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Photo by Kendall Marianacci, Nepal Semester.

Being Silent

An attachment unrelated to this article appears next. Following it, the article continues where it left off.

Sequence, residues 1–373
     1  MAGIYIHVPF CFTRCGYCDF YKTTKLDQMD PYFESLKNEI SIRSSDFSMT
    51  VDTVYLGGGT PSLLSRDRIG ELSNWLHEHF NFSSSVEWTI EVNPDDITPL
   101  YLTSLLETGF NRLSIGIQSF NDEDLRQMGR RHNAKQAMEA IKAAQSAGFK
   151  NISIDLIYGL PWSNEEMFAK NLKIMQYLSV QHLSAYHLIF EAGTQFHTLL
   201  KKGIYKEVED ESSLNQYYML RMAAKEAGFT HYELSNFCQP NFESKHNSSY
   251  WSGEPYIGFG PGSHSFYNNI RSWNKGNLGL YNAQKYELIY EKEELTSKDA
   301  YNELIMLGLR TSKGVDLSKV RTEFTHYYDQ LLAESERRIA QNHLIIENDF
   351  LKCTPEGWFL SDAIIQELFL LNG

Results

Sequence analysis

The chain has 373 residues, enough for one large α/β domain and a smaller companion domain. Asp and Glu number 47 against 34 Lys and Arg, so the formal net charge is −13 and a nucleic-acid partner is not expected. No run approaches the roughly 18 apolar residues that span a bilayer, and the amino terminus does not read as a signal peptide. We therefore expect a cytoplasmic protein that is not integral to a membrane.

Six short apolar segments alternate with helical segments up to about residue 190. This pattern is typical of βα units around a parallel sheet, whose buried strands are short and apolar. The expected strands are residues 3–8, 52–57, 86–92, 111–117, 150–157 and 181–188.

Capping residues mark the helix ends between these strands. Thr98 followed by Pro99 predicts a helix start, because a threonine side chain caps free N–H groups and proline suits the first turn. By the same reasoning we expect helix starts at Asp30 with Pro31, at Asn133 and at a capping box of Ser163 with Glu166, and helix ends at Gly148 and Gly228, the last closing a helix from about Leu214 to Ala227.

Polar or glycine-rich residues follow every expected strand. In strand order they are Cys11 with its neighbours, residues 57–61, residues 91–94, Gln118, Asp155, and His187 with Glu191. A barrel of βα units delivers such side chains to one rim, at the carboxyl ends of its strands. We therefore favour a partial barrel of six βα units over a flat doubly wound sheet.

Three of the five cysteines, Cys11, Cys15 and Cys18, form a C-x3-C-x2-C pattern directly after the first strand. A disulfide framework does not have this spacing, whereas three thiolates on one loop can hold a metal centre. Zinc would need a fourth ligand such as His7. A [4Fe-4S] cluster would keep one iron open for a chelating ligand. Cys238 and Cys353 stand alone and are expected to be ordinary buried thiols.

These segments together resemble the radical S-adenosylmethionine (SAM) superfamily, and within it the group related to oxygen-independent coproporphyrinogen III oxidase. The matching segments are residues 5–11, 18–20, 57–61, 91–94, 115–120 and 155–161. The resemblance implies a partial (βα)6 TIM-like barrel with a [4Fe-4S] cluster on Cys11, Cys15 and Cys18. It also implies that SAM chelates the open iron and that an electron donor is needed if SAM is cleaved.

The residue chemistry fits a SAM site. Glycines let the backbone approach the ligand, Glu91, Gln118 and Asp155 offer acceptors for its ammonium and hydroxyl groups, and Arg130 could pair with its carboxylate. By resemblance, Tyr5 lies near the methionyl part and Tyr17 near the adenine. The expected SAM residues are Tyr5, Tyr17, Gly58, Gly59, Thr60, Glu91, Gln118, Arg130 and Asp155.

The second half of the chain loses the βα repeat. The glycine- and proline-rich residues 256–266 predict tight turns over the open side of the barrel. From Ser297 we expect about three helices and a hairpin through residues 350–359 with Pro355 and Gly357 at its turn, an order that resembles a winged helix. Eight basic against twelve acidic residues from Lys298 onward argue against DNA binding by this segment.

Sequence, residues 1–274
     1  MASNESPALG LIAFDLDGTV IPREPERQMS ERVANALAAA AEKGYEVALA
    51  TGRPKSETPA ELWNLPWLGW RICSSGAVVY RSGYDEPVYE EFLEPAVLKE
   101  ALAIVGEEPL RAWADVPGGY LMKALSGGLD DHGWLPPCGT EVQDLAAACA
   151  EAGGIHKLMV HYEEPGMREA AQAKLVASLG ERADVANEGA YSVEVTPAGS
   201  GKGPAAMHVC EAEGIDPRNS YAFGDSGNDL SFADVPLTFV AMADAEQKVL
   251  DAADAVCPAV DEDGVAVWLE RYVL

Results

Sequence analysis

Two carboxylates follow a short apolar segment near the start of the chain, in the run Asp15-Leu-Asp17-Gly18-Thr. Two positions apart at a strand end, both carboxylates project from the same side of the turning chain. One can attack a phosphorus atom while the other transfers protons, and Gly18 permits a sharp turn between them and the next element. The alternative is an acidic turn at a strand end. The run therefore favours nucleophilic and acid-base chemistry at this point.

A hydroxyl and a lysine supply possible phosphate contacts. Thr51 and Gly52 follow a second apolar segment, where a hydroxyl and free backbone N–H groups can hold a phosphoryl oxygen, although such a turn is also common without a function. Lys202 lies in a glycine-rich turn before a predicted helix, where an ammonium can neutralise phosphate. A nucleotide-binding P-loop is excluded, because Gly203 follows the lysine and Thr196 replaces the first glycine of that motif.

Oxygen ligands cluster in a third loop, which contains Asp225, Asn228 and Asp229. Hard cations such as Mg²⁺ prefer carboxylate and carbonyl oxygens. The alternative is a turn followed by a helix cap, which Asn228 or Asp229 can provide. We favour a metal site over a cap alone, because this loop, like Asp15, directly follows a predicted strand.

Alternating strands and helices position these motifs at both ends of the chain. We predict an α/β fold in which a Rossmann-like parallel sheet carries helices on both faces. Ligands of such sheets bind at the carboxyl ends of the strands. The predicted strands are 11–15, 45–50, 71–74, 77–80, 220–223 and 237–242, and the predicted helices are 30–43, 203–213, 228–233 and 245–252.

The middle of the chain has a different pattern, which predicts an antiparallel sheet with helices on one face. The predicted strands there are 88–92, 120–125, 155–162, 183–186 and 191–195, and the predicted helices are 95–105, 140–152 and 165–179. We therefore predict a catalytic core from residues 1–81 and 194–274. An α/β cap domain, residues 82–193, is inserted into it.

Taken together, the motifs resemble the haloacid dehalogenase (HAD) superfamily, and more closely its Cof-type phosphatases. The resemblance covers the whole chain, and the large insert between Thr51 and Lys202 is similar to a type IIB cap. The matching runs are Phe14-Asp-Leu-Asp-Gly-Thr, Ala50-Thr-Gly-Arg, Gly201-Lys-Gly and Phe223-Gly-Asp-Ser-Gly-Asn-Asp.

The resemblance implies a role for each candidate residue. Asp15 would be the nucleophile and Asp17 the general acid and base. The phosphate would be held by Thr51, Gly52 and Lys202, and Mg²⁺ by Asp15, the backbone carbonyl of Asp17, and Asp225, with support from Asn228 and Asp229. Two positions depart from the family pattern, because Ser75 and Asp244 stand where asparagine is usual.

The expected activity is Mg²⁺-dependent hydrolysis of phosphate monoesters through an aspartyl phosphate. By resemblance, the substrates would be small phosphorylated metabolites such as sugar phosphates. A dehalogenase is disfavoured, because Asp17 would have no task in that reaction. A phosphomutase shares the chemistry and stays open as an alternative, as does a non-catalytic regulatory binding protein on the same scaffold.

When you think about the idea of being silent, it doesn’t seem like such a difficult thing to do at first. It isn’t until you really try to be silent that you realize the irony of remaining silent. Once you stop actually talking, every other part of your body starts to get louder and louder. Silence requires you to look deep inside yourself and analyze all your feelings, emotions, and your past and present. Memories that seem so distant and almost forgotten suddenly resurface and your only option is face them and reflect on them. During the first couple of days, silence was a daunting place filled with depressing memories and emotions. It was at this point that I first began to have doubts about the psychological benefits of silence. But the next day when we met with our Kempo, he said one thing that really changed my perception on silence. He said that the key to achieving inner peace is that we must control our minds rather than letting our minds control us. This short, yet profound statement made me reflect on my brief period of silence and recognize the true power our mind holds; the mind is truly the personification of our existence and being.